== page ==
“I feel like I’m out of control. I have no way of channeling my emotions,” I said.
“I was hoping your blog would help you do that,” replied my mother.
“I can’t write about this. Not really. I have called myself The Realistic Optimist, but I am anything but optimistic right now. I’m drowning in darkness.”
I know that my mother is wise, but she caught me by surprise when she looked at me and asked this simple question. “Who are you to withhold your words from those who might need to hear them the most?”
She’s right. I was wrong. And for that I’m very sorry.
I am The Realistic Optimist. Sometimes I’m heavy on the optimism. Other times the scale tips deep into the real. I’m always seeking balance, but sometimes I fall short.
The reality of my situation hit me while sitting in Sunday school right before Christmas. The rest of my family had already left for vacation and I was left in an empty house. Our Sunday school class had been covering various individuals in the Christmas story. This final week was spent talking about Herod. The pastor leading our group asked us which of the characters we identified with the most in the story of Christ’s birth. We talk about Mary, Joseph, the shepherds, and the wise men. Even the little drummer boy. But rarely do we consider the role that King Herod plays in the greatest story on earth.
As we talked more and more about Herod, I came to the startling realization that there was no one in the entire Christmas story that I identified with more than King Herod. It was everything I could do to contain my tears in that moment of revelation.
Every year after Thanksgiving, people refer to something called the Christmas Spirit. It usually involves a joy of decorating, singing, and baking. This year I experienced none of it. I did not want to decorate. I avoided Christmas carols at all costs. And as for baking…and here’s the “real” part folks…that just wasn’t happening. I’m knee-deep in eating disorder treatment and festive food is the last thing on my mind.
(That’s right. You read correctly. Eating disorder treatment. Today it may seem like I’m glossing over this radical life event, but I promise to address the issue in the near future. For this story, however, you only need to know the nature of my struggle.)
Back to Herod.
While everyone else in the Christmas story joyously celebrated the birth of our Lord and Savior, Herod saw the event as a threat to his kingship–his power and control–everything he had worked for–his life. The presence of Jesus in this world was a direct challenge to everything that Herod valued.
This year the Christmas spirit haunted me. It burdened my soul. It was not until that day in Sunday school that I realized the truth. That the coming of Jesus threatens the control I’ve tricked myself into believing that I have. My ability to control my food intake and body is an all-consuming illusion. An illusion that brings me nothing but complete and utter misery. An illusion that extinguished the true meaning of the birth of the King. It robbed me of joy, left me in a perpetual state of exhaustion, and slowly drained the warmth from my skin and the sparkle from my eyes. Yet I clung to my illusion and avoided anything that threatened its existence. The thing I feared was the very thing I needed–the only thing that could save me–Jesus.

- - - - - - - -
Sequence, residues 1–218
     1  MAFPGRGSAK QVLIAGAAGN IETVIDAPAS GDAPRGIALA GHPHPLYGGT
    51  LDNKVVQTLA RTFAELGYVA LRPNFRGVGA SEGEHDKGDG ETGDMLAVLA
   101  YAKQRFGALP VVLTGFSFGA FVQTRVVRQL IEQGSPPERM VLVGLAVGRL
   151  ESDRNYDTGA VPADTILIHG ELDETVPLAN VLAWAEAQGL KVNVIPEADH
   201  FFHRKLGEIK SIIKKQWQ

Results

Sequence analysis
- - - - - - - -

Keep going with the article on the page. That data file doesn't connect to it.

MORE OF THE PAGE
I’d like to say that this realization changed my heart and allowed me to joyfully celebrate Christmas with my family.
It did not.
Revelation does not always breed immediate change, but it does aerate the heart. Which is exactly what I needed.
People often confuse the Christmas spirit with Advent. They become blended together; a single entity. But Advent is a season of preparation and anticipation. It involves the heart and the soul, which means it might not always be cheerful or involve and upbeat melody. For me, Advent meant observing my role in the story and realizing my devastation at what had become my reality. In it’s own way, the Advent season prepared my heart to realize the magnitude of what was to come: an all-powerful King who destroyed my very need for an illusion of any sort.
I know I’m a little late in sharing this story. Most people have already begun taking down their Christmas lights. We’re going back to work and school. Walmart is already filling their empty shelves with Valentine’s Day candy. But I thought it was a story that deserved to be shared. Because I have a feeling I’m not the only person who found Christmas difficult this year. Perhaps you don’t have a heart like Herod. Maybe illness has shaken your world or a valued relationship has been destroyed. There are many forms of pain that can keep us from experiencing joy. Often our knowledge of this fact can be more devestating than the pain itself. And that’s ok.
It’s ok to admit a hurt. It’s ok to feel sad. It’s ok to cry while everyone else appears to be laughing.
Because a King has come and the story has a happy ending. The pain will not last forever. This is not the end.
So cry. Mourn. Scream.
As long as you are breathing, there is room for a revelation. One that will aerate your heart and provide a breeding ground for hope and renewal.
Breathe in. Breathe out. Wait. He will meet you here.